Cut it out sooner than later

1 June 2014

Heading into surgery, does it make much difference if you delay quitting smoking just another week…

CLINICAL BOTTOMLINE:

Quitting more than four weeks before surgery more than halves the risk of complications. Quitting less than four weeks before surgery does not reduce complications.

CLINICAL SCENARIO:

You need to determine what advice is given to patients about quitting smoking before surgery – a key question is when to set the quit date before surgery.

QUESTION:

Among adults having surgery, does pre-operative smoking cessation reduce the risk of complications compared with not quitting?

SEARCH STRATEGY:

PubMed clinical queries (broad): smoking cessation AND post-operative.

CITATION:

Mills E, Eyawo O, Lockhart I, et al. Smoking cessation reduces postoperative complications: a systematic review and meta-analysis, Am J Med 2011;124:144-54.

STUDY SUMMARY:

Systematic review of trials and observational studies testing the effect of smoking cessation on post-operative complications. Inclusion criteria were:

type of study was randomised controlled trials and observational studies; patients were not clearly specified, but could be assumed to be patients undergoing any type of surgery;

intervention was not clearly defined but could be assumed to be smoking cessation;

outcomes end included total complications (primary outcome) and any wound healing, pulmonary or respiratory complications, all-cause mortality, and all cause length of hospital stay (secondary outcomes).

If a study reported a distinct type (or types) of complications, but not total complications, the distinct types were not combined for the systematic review. 847 titles were screened, 75 were retrieved for further review trials, and 30 studies included. Six studies were randomised controlled trials, which are the focus of this critical appraisal tool (CAT) article.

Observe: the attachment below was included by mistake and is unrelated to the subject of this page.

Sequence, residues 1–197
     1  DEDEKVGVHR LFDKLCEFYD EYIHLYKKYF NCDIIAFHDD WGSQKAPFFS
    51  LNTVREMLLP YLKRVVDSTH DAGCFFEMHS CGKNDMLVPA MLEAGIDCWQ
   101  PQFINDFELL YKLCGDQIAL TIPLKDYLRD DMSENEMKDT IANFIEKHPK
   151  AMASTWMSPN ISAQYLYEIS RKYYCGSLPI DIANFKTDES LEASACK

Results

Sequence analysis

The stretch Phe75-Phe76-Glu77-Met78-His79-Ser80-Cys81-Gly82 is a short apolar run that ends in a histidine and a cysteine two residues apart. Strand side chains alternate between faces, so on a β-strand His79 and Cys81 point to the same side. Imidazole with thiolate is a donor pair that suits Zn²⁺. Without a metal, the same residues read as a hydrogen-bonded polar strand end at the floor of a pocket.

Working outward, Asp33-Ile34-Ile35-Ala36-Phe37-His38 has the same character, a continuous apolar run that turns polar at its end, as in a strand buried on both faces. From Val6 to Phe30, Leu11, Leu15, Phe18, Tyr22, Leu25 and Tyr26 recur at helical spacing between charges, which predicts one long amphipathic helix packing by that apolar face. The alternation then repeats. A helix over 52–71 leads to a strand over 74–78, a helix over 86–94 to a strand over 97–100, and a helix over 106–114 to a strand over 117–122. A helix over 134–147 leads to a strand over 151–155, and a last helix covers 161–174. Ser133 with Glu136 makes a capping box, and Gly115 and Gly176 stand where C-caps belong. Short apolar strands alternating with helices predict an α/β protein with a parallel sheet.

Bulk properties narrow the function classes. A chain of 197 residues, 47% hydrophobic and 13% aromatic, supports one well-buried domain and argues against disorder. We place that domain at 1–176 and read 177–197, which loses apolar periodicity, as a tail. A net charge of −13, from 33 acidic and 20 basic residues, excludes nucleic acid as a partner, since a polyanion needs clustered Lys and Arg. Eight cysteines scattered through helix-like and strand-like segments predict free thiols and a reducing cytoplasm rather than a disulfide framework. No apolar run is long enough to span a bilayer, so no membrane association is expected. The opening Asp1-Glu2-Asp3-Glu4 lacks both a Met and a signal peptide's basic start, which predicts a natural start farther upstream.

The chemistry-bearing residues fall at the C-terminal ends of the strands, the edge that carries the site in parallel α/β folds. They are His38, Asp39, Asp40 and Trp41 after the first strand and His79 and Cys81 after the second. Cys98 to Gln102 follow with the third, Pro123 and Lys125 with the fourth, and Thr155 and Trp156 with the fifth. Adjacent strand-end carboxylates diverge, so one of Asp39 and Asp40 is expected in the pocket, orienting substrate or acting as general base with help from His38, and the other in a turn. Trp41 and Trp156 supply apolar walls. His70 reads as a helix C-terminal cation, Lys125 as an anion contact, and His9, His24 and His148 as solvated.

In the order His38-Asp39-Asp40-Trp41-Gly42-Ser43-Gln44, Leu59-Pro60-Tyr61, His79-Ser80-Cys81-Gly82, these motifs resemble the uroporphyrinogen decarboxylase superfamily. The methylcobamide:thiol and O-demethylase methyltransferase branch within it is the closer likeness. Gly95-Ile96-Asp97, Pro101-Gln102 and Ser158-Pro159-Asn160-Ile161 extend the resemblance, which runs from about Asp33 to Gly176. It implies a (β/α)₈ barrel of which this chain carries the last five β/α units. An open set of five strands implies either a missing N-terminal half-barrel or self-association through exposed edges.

VALIDITY:

The search strategy was specified and involved electronic searches of databases including Medline, EMBASE, Cochrane CENTRAL, AMED, CINAHL, TOXNET, and the Web of Science. No language, sex, or age restrictions applied. Also searched were bibliographies of previous reviews and health technology assessments as well as databases of full text journals – e.g. Science Direct and Ingenta . The researchers used modified Cochrane risk of bias tool and included assessment of randomisation sequence generation, allocation concealment, blinding, intention-to-treat, descriptions of loss to follow up, and sources of funding. Data entered by the two researchers into electronic form and where data differed, differences were resolved by discussion and third party arbitration. Publication bias was not examined. Reasonably high quality review of moderate quality studies.

RESULTS:

Six trials involving 552 participants were included covering patients that received hernia repairs, laporoscopic cholecystectomies, joint replacements, colorectal, urologic, ORL, or gynaecological surgery. Most trials involved the evaluation of a smoking cessation intervention several weeks prior to surgery. One trial compared buproprion with placebo and one trial compared nicotine patch applied on day of surgery. Four trials reported sequence generation and allocation concealment; five trials were blinded; all trials used intention-to-treat analysis and one trial had greater than 20 per cent loss to follow up. All trials were funded publicly with pharmac providing the drugs. Smoking cessation almost halved total complication rates (table), shorter term cessation (< 4 weeks) and less intensive interventions are less effective than longer term cessation (> 4 weeks) and more intensive intervention.

 

Table. Results with 95% confidence intervals (95%CI).

 Outcome

N

RR (95%CI)

Heterogeneity

 Total complications

552

0.59 (0.41 to 0.85)

I2 = 14%

 Short term cessation

Not presented

0.92 (0.53 to 1.60)

I2 = 0%

 Longer term cessation

Not presented

0.45 (0.30 to 0.68)

I2 = 0%

 Less intensive

Not presented

0.78 (0.34 to 1.80)

I2 = 0%

More intensive

 More intensive

Not presented

0.55 (0.31 to 0.98)

I2 = 61%

 

COMMENTS:

Results contrast with observational evidence that suggests a lesser effect on total complications.

Only observational studies provided evidence for effect of smoking cessation on pulmonary complications, wound complications, length of stay and mortality. 

Reviewer: Dr Andrew Jull, Associate Professor, School of Nursing, University of Auckland, Nurse Advisor, Quality and Safety, Auckland District Health Board.